- Determining the segments that are most important to long-term business success and should be focused on with this approach
- Developing detailed plans for the “Form” phase of the effort
- Embarking on pilot – in a few key sub-segments, with a few key accounts, or using a few new integrated, Idea-based offers
- Leveraging pilot milestones for educating the rest of the organization
- Determining post pilot next stage roll out – verticals, markets, etc.
- Integrating the sales force into new business model
- Reorganizing the go-to-market business units to be market-back rather than organized by your product lines or offering
Step 3: How do we motivate action and “make it stick”?
Let’s assume you have a clear objective – for the next phase of your company’s journey – and you want to get the organization on board. The change–champion is either the key executive with the authority to take action or more commonly, someone who cannot act alone and must influence the organization to take an interest in the idea.
The champion may be a key executive but not necessarily the one with the authority to make the decision, or she might be the staff executive that sees the organization more broadly and knows what must be done.
In the case that the champion is not the executive empowered to act alone – the process of getting the organization moving comes in stages:
1. The Viral Stage – This is educational and interactive. Others you respect must begin to share your views. This can be accomplished by getting them into the discussion – reading what’s being said about the Journey and its benefits, or conducting knowledge-sharing events.
2. The Pro-Draft Stage – This is about getting the executive audience – usually the few key executives that can affect the organization into the discussion and turned on to your point-of-view. This is accomplished by getting them into discussion and educating them about what you all are thinking, then commissioning a quick “what would it look like” benefits analysis. By asking them to let you undertake the initial steps (identified in step 2) you are gaining an understanding of their motivation.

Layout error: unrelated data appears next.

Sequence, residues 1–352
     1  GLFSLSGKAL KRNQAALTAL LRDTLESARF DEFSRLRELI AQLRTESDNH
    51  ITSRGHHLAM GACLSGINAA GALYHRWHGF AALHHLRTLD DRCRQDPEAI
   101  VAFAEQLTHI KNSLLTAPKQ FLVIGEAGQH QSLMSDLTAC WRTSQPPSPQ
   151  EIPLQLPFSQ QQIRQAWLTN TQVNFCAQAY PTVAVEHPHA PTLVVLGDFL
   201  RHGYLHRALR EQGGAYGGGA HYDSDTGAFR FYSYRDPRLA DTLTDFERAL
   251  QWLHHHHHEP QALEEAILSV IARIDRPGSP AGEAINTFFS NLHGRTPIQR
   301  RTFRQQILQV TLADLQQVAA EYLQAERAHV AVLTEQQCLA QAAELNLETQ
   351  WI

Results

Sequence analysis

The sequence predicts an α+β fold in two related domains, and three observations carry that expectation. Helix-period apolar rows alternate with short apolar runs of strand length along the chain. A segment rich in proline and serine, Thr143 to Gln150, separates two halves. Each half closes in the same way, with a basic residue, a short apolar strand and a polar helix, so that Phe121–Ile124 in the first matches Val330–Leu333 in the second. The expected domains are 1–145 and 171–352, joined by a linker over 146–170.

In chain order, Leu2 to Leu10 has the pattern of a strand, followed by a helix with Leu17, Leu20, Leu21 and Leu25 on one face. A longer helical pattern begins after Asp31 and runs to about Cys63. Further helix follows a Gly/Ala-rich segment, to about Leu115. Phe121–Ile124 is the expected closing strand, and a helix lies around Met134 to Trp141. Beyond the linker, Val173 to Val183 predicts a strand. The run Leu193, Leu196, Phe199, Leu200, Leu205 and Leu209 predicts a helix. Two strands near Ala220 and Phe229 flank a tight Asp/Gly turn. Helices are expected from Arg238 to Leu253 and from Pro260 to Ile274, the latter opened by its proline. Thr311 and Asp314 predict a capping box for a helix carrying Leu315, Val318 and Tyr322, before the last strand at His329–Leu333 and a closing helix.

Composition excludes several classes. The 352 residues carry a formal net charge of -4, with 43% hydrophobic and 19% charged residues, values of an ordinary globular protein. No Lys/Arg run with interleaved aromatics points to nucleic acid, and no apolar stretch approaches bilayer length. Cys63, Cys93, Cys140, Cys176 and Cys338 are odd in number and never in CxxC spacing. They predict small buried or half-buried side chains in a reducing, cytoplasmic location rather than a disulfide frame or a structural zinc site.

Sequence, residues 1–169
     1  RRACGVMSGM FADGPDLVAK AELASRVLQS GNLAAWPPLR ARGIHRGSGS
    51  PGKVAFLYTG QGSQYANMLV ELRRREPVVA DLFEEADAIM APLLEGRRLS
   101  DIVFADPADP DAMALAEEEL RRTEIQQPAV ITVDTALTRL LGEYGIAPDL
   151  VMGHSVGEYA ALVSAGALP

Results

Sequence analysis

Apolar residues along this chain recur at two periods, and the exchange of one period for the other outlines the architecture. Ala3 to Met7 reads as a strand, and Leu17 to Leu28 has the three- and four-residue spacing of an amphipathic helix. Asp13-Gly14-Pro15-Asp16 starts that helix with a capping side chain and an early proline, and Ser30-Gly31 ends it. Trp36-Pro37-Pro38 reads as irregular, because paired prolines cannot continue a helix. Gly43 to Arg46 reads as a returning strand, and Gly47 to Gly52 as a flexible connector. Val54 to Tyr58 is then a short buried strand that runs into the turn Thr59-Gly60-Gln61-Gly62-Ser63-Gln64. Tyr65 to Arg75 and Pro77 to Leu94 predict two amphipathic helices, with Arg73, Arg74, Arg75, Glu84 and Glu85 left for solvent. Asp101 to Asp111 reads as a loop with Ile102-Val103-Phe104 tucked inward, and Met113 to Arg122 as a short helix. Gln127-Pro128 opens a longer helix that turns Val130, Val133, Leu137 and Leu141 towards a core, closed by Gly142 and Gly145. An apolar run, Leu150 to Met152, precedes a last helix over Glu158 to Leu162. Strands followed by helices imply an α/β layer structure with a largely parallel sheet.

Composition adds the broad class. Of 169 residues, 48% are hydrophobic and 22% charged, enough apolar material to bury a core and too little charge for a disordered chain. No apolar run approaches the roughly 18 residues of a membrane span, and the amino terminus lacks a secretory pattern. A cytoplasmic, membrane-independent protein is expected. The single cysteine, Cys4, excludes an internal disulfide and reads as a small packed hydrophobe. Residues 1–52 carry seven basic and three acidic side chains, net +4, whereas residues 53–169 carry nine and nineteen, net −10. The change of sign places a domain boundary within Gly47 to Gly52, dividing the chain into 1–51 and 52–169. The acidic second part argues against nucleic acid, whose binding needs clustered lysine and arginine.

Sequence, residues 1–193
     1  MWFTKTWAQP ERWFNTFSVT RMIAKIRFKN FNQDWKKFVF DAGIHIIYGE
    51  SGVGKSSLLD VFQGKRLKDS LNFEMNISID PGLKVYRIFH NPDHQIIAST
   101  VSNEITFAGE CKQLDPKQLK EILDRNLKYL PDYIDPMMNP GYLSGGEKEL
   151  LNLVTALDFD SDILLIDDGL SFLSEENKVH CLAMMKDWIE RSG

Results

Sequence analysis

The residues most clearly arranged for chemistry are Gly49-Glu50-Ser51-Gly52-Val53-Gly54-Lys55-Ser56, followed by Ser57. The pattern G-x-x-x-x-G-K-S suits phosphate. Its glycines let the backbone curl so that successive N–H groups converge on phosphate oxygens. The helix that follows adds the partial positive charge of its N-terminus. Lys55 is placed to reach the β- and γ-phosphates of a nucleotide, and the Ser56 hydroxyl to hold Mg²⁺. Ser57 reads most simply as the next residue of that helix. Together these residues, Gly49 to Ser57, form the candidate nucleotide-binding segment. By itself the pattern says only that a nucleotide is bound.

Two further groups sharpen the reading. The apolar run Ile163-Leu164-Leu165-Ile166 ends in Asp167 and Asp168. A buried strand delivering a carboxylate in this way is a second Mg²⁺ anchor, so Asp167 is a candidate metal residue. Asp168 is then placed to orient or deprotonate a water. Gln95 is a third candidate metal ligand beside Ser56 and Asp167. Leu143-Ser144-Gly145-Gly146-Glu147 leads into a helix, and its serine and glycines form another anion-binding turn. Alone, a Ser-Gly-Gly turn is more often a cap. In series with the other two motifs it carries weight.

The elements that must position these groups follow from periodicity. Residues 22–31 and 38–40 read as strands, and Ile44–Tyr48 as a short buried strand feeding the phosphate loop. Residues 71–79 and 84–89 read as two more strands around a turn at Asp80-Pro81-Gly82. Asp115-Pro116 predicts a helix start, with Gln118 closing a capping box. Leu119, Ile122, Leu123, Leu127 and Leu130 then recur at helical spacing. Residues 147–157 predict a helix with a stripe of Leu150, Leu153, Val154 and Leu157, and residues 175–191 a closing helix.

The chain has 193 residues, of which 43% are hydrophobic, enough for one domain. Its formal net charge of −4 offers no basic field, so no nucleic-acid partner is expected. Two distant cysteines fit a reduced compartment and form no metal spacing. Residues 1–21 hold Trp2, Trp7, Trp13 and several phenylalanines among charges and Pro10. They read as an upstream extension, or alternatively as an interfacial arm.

3. The Organizational Support Stage – Engage a broader audience – spread the discussion liberally throughout the broader organization, sharing details, future state vision, immediate next steps, and interim successes. This can be done in many ways, depending on the organization’s communication style (e.g., discussion boards, newsletters, blogs). This stage makes the effort more real and prepares the organization for action.
4. The Strategy Design Stage – Get the key executives to entertain a proposal of drafting a strategy, planning document on the benefits, risks, etc. of the idea. The specifics of the document must align with the way your company examines opportunities.
5. The Executive Focus Stage – get the executive team focused on the idea in an in-depth way. The best approach is to get them away for a couple of days – to first fully understand the idea of Customer Intimacy as a business model, then present your findings, then do a working session selecting where to pilot the concept. This provides the executive team with a detailed understanding and the work session allows them to shape the pilot, which helps secure buy-in.
6. The Proceed to Pilot Stage – Close stage 5 with the direct proposal for how your organization will pilot this model – budget, time-frame, goals, etc.
Written by: Anthony Paluska
About the Author: Anthony Paluska is a Partner at McMann & Ransford with experience helping organizations overcome commoditization by developing stronger, more intimate, relationships with their customers. He has leveraged his management consulting, problem solving, and change management skills to support 15+ Fortune 1000 organizations, across a multitude of industries.